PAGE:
To derive full value from their college experiences, students must be equipped to handle the pressure and stress of college life. To help ensure that students are able to thrive, the Endowment has awarded $3.4 million in grants to support research and interventions through the Resiliency Project on four campuses in North Carolina and South Carolina.
College is a one-of-a-kind opportunity. It also can be overwhelmingly stressful. In addition to the pressure of a competitive academic environment, many students also worry about the cost, about fitting into a new environment, or about family issues back home. While learning to manage stress is part of the experience, many students report extreme levels of stress, anxiety, depression and other conditions that negatively affect their overall wellness and ability to succeed and thrive. These challenges can increase for students who are among the first in their families to attend college or who have experienced trauma or mental health challenges before arriving on campus.
In 2013, The Duke Endowment provided $3.4 million to the four institutions named in Mr. Duke’s Indenture of Trust – Davidson College, Duke University, Furman University, and Johnson C. Smith University – to intensively study the issue of student resilience on their campuses and to develop new interventions to test and refine.
The Resiliency Project began with data collection across all four campuses to better understand the causes of student stress, how stress manifests itself, what existing tools students possess to deal with stress and become resilient, and where interventions to improve resiliency are most needed. Using this data (which will be collected longitudinally from the Class of 2018 over four years) campus teams are designing and implementing new intervention ideas to help enhance resiliency.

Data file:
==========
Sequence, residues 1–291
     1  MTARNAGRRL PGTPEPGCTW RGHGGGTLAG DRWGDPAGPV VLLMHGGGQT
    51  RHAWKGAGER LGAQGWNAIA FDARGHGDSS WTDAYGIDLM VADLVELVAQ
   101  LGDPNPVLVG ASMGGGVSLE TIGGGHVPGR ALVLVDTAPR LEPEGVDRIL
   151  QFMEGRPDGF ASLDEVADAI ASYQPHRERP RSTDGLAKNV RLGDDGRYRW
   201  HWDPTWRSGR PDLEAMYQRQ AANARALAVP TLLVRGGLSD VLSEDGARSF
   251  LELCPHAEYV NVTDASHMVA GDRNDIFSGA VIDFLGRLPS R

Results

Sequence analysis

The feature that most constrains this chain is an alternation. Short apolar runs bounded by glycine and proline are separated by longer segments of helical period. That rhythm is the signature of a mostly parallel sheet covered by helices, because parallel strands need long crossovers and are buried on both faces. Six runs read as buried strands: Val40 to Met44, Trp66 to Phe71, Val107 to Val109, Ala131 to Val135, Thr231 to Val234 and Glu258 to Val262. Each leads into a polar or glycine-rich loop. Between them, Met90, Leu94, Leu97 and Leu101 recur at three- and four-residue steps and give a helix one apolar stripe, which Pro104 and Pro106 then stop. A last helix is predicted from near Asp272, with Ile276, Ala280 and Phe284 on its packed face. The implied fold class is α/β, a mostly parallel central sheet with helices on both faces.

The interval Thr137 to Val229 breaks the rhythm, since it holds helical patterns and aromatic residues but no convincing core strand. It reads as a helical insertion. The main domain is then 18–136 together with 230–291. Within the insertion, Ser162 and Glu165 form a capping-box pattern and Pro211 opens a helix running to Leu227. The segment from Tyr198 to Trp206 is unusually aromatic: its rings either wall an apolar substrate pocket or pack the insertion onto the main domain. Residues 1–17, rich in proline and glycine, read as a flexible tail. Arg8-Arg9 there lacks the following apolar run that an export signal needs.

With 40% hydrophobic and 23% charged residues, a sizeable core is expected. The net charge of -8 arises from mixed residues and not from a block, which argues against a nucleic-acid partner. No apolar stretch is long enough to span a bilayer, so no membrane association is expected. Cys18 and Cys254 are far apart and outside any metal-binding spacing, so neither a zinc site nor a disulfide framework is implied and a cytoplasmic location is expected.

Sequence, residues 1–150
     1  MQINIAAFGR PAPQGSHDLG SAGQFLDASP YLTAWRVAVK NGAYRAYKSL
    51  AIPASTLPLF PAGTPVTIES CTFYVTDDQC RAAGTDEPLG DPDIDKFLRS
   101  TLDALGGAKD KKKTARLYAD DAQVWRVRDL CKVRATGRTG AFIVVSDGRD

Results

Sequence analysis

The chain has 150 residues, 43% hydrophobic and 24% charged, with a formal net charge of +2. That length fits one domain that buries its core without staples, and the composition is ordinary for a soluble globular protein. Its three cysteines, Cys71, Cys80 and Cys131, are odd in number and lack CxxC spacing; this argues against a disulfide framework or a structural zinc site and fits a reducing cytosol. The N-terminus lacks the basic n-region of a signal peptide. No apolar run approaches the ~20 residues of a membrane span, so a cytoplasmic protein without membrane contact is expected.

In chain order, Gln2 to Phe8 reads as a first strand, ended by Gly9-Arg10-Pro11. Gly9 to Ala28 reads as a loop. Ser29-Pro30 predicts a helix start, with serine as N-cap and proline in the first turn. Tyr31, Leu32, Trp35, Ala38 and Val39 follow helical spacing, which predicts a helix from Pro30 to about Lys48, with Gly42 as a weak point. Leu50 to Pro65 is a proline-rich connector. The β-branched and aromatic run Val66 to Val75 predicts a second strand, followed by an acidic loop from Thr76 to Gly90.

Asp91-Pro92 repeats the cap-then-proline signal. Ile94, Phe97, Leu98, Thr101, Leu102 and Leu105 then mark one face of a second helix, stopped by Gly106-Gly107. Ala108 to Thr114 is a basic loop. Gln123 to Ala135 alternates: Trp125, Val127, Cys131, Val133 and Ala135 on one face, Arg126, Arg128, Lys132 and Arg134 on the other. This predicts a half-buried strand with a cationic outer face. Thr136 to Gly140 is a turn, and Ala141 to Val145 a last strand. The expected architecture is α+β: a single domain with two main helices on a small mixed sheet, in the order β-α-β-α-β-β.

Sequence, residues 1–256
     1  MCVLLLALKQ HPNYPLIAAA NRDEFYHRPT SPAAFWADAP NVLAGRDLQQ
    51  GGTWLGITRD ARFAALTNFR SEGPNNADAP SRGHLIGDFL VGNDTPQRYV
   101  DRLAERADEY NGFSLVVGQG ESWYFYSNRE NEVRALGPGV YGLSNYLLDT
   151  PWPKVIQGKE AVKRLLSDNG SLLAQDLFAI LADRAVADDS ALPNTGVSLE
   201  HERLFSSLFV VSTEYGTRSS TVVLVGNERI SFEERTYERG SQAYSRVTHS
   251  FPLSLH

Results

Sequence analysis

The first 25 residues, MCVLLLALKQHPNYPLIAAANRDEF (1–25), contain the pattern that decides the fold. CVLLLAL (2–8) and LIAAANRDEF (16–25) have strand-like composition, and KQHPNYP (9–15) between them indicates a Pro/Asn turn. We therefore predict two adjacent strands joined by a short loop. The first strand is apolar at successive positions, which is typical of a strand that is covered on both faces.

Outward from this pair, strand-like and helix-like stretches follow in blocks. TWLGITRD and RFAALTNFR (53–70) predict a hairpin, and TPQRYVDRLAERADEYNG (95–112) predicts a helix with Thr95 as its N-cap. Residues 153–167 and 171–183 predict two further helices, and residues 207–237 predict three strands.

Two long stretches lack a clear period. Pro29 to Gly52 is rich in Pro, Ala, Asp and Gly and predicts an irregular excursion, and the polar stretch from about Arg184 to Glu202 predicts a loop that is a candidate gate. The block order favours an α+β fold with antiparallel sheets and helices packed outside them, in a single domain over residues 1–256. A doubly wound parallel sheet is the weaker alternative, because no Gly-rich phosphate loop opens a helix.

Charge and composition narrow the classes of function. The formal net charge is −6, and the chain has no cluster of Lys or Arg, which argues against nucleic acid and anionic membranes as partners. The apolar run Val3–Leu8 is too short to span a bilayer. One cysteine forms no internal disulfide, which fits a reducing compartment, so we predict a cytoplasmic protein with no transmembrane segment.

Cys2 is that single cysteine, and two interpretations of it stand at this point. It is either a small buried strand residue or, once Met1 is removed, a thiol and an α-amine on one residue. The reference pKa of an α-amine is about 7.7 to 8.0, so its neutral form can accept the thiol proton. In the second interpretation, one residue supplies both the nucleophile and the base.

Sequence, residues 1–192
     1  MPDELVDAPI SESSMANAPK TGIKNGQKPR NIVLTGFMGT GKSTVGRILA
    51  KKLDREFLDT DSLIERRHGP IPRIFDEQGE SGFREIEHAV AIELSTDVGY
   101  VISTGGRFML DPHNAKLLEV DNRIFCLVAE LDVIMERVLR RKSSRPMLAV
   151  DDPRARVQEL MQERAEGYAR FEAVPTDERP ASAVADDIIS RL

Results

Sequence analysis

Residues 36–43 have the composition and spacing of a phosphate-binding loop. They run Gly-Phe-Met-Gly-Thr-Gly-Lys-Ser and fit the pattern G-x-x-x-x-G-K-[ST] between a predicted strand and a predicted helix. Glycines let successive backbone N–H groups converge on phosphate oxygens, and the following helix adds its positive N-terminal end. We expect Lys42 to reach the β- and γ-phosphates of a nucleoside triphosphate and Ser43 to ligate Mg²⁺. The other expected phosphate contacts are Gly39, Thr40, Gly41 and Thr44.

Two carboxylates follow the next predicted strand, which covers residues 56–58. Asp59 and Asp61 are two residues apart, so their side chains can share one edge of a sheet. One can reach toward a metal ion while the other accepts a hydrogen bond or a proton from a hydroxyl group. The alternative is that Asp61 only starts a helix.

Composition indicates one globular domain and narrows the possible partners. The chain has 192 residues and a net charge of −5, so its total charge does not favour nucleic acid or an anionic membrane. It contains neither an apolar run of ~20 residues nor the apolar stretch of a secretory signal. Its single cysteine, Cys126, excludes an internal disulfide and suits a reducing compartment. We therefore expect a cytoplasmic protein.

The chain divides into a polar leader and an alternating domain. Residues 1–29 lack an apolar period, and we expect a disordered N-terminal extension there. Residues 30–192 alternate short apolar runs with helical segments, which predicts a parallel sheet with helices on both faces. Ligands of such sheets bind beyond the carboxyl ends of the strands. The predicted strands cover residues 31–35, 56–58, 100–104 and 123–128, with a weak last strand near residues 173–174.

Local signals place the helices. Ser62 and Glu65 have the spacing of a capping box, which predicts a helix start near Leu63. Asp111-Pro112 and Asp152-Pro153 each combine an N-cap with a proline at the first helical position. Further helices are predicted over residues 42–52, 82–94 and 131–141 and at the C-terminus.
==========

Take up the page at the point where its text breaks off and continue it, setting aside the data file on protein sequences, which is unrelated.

The Resiliency Project aims to increase knowledge about the effectiveness of interventions designed to improve resiliency, and to share that knowledge among the four campuses and beyond.
The Endowment believes the Resiliency Project will result in:
- A more effective array of interventions and supports for students,
- Scholarly findings that contribute to the higher education and mental health communities, and
- Measurable enhancements in student resiliency and wellness on all four campuses
In the short term, the Endowment hopes to see increased collaboration across and within the four schools, as well as an increased understanding of student resilience and promising intervention ideas.
In addition to working within their own campuses, the four schools all contribute to shared data collection and analysis, have created joint studies and interventions, and regularly share findings and ideas. The Endowment has hosted Student Resiliency Symposia at its headquarters in Charlotte, North Carolina. During the 2016 Symposium, the four schools welcomed representatives from other colleges and universities across the country to share their own resiliency efforts and participate in shared learning.
In addition to taking part in shared data collection and analysis, researchers and practitioners on each campus are working to develop interventions that are tailored to their particular campus culture and needs.